Tuesday, March 30, 2004

Passion of the Christ round-up

It's time for another Passion of the Christ round up. The Guardian reports on its UK success:

Passion crowns UK box office
Mel Gibson's The Passion of the Christ was the No 1 film at the UK box office this weekend with a haul of just over £2m in three days.

Many screenings were sold out, with churches, as expected, buying up seats through block bookings. The film's total of £2,019, 803 also marked the highest opening for a subtitled film on these shores, defeating incumbent Crouching Tiger Hidden Dragon.
I must admit that it has surprised me. I haven't met many people who have been to see it and those who have have not liked it, but then few academics do like it. I'm unusual. Thanks to Helenann Hartley for a link to a similar story on BBC News here:

Passion wins zombie cinema battle

From here, I spotted a link I had previously missed to an article written by a former fellow-student from my Oxford days:

How faithful is Gibson's Passion?
by The Revd Dr Andrew Goddard
Tutor in Christian Ethics, Wycliffe Hall, Oxford
Far from inciting violence, the lurid portrayal of brutality - overwhelmingly at Roman hands - will hopefully re-sensitize us to its horrors.

At the very least we will question what we do to those who are different or who threaten us.
On Christianity Today, Frank Schaeffer explains why he is not going to see it -- he doesn't like the "celluloid Jesus":

Not This Easter, Mel
I haven't seen The Passion of The Christ, and I don't plan to. Here's why.
by Frank Schaeffer

Meanwhile on Christianity Today's weblog, a link to an extraordinary story from Norway:
They said The Passion of The Christ would provoke neo-Nazis, and they were right: in one case, it's provoking a neo-Nazi to confess to his sins and repent.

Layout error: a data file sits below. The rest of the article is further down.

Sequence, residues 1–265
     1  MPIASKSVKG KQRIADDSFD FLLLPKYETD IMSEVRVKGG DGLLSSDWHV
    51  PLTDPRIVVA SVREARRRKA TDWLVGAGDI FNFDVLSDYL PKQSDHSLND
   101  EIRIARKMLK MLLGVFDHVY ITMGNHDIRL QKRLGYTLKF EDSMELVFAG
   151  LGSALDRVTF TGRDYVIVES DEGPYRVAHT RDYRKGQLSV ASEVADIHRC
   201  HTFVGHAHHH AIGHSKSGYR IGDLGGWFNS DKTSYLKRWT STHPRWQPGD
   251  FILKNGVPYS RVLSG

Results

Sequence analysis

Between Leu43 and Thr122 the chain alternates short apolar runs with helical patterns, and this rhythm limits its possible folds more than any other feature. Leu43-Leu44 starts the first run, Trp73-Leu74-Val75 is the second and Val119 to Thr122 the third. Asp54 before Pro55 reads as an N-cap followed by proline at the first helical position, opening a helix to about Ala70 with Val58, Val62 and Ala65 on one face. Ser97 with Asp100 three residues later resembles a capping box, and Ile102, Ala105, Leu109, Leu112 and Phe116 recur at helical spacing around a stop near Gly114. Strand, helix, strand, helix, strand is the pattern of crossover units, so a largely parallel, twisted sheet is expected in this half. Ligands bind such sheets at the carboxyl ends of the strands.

Johnny Olsen, whom the Oslo newspaper Aftenposten calls "one of Norway's most feared men," turned himself in to police on Saturday after watching the film.

"He said that it was the film that made him realize that he had to show his hand. He has been preoccupied with Christianity, guilt, punishment, atonement, suffering and conversion during the 10 years I have known him," Olsen's lawyer said. "It has been a long process but the Jesus film made the difference. Now he shows true regret and is ready to make amends."
The full story is here in Aftenposten Norway:

Confessed after seeing 'Passion'
Johnny Olsen, a notorious convicted killer and neo-Nazi, has confessed to two bombings in Oslo in the 90s. Olsen, 41, decided to purge his guilty conscience after viewing Mel Gibson's controversial film The Passion of the Christ, newspaper Dagbladet reports

Back to BBC news, thanks again to Helenann Hartley again for this one from Saturday:

Brothers seek French Passion ban
Three Jewish brothers have gone to court seeking a ban on Mel Gibson's The Passion of the Christ in France.
In opposing the release of the film, the Benlolos submitted pages of quotes from US movie reviews, which the judge said would not be accepted as evidence.
And the outcome? In Monday's BBC News:

Judge rejects French Passion ban
A judge in France has rejected a request by three Jewish brothers to ban Mel Gibson's The Passion of the Christ.
Claims of anti-Semitism stemmed from "a narrow view" of the film, she said.

"To make the death of Jesus into the major motivation of anti-Semitism that leads to secular persecutions against Jews would stem from a narrow view of Mel Gibson's film," said Judge Lagemi following a private screening of the film.
Thanks to David Mackinder for this link to a very negative review in the most recent (April 8) New York Review of Books. The first half of the article is about The Passion of the Christ:

God in the Hands of Angry Sinners
By Garry Wills
My wife and I had to stop glancing furtively at each other for fear we would burst out laughing. It had gone beyond sadism into the comic surreal, like an apocalyptic version of Swinburne's The Whipping Papers.

Gaff of the day: I was speaking at a sixth form day school in Birmingham today on "The sacred text in Christianity". As is my wont at the moment, I began topically by commenting on The Passion of the Christ, asking how many of the 160 or so students present had seen the film yet. A few tentative hands went up and I was taken aback that so few had seen it. One of the teachers kindly took me to one side later on and reminded me that that all of those present were lower sixth, 16-17 years old, and The Passion of the Christ has an 18 certificate.

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